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Old 07-12-2011, 05:04 PM   #1
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Formatting scheme and mount points - multiple SATA disks on Slackware 13.1


I have a server intended for file storage/backup and SVN + Trac

The disks are arranged like this:

/dev/sda - 80GB
/dev/sdb - 80GB
/dev/sdc - 200GB
/dev/sdd - 160GB
/dev/sde - 250GB

I am using 1024MB of dev/sdd as swap partition and the rest for a root partition.

Slack is suggesting to mount to /usr/local. Do i have to do this ?

Can i make my own mount points ?

like: dev/sda on /svn ?

And if someone can tell me what all the standard folders are used for, like /usr /sbin and so on.

Kind regards Mads Nielsen
Old 07-12-2011, 05:33 PM   #2
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Originally Posted by madsovenielsen View Post
Slack is suggesting to mount to /usr/local. Do i have to do this ?
Slack is suggesting what to mount to /usr/local. Please ellaborate.

And yes you can mount any partition on any folder for example :

mount /dev/sdb1 /mnt/data
mount /dev/sdc1 /data
Learn about linux filesystem directory structure HERE
Old 07-12-2011, 05:44 PM   #3
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Slack is suggesting to mount to /usr/local. Do i have to do this ?
to /usr/local or not to /usr/local that is the question ....

if this is NOT a multi computer set up ( as in this in NOT a office or you do not have 4 or more computers at home in a home network )
then i would not make a /usr/local

/usr/local is the / for the machine you ARE sitting in front of right now
for a network and thin client set up

so unless you are using that type of set up you do not need it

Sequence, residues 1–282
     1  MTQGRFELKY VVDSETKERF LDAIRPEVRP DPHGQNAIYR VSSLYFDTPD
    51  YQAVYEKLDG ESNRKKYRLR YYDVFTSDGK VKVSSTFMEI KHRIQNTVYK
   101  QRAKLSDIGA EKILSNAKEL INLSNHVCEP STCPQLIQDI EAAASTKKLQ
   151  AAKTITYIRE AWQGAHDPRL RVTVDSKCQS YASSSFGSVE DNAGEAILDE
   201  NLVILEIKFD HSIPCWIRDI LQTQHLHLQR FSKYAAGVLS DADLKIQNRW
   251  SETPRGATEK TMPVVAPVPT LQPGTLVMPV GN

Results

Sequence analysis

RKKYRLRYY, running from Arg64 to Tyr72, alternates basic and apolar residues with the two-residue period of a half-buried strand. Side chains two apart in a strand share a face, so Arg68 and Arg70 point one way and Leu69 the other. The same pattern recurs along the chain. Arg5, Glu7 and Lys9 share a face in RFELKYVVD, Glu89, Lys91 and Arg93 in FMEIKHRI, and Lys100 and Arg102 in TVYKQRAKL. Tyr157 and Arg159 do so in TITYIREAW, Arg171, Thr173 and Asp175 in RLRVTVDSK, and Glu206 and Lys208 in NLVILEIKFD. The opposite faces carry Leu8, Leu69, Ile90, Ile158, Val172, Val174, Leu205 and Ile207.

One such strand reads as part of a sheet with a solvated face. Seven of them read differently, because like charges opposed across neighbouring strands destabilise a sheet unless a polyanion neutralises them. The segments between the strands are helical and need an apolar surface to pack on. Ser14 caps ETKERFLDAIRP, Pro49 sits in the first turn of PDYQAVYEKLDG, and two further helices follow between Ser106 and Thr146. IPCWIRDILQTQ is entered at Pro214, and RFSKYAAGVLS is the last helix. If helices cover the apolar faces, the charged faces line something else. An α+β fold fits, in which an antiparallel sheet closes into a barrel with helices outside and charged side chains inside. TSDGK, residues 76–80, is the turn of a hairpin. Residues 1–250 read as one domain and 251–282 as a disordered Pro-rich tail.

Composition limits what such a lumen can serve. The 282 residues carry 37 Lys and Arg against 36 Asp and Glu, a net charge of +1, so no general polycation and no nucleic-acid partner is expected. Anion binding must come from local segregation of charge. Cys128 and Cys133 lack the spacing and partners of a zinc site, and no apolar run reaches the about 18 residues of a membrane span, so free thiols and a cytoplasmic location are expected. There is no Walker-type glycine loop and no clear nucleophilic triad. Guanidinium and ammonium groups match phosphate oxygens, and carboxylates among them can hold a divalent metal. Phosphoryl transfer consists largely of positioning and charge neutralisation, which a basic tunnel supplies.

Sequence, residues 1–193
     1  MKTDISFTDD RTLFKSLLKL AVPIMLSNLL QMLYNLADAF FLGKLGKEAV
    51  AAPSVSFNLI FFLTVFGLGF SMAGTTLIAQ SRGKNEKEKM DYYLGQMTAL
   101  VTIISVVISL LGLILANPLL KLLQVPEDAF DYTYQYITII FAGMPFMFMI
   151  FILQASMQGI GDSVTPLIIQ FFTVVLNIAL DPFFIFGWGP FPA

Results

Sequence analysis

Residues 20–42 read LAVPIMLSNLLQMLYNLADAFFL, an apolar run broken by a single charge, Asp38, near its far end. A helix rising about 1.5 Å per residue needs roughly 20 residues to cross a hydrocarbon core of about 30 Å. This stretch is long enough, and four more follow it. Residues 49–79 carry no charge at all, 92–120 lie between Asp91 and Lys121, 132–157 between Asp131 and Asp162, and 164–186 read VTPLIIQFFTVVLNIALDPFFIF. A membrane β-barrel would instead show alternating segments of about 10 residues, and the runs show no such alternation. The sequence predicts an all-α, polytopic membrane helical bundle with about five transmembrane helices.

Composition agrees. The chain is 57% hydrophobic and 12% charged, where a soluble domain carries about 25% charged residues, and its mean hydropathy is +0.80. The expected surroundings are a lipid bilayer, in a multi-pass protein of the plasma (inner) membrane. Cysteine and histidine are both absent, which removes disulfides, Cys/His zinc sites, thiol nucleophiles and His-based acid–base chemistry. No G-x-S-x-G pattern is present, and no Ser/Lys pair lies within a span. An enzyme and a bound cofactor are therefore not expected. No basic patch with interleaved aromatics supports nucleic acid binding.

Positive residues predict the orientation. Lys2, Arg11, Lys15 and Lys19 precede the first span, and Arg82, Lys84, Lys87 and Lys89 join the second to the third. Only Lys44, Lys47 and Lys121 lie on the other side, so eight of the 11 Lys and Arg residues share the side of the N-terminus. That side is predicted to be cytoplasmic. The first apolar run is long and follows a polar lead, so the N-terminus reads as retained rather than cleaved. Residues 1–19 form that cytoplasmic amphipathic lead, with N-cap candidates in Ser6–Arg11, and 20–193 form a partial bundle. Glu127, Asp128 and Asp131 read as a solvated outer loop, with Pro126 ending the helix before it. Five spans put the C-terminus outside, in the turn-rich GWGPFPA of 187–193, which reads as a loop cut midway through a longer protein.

there are two camps on this
the ones that it must be there
the second
the ones who do not use it and do not think it should be there

I am of the second group

but make up your own mind on this
Old 07-13-2011, 05:30 AM   #4
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Do i have to make the folders first before i choose them as mount points ?

Kind regards Mads Nielsen
Old 07-13-2011, 05:33 AM   #5
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Yes, those folders have to exist before you can use them as mountpoints.
Old 07-13-2011, 07:03 AM   #6
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If you install any distribution in a single file system / (what you call the root system) it will contain a number of folders including the following:

/root - the home directory of the superuser;
/home - which contains the users' home directories;
/bin, /sbin, /lib - contain the system software. i.e. that which does not run in user space;
/usr - for software that does run in user space (actually, most software), contains /usr/bin, /usr/sbin, /usr/lib.

Note that the difference between bin and sbin is that the latter contains executables which only the superuser can run.

There are also /opt and /usr/local (with /usr/local/bin, /usr/local/lib) which are generally used for software from outside the distribution. For example, if you install Adobe Reader from Slackware, the executable will probably go in /usr/bin; if you download it from Adobe, then the files will probably finish up in /opt. Similarly, if you download and compile software, the makefiles usually direct the output files to /usr/local, though this can be changed.

The problem is that if you reinstall the distribution, possibly updated, all will be overwritten and any non-distribution stuff lost. However, there is a way round. If you, for example, nominate a separate partition as /home, then the original folder /home will always be empty but the designated partition will be automatically mounted on it and will contain the user files. Now, if you reinstall, you can instruct the installer to use this partition as /home but not format it and thus preserve the old user files. You can do the same with /usr/local, so that /usr/local/bin etc. will be created on the new partition, and thus preserve the non-distribution stuff; whether you do so depends on whether you are likely to have anything to preserve.

Notice that installing software in any folder under /opt or /usr requires superuser permission and is available to all users. However, user files also contain /bin and /lib; users can normally install and run software here without permission, but it is only available to the specific user.


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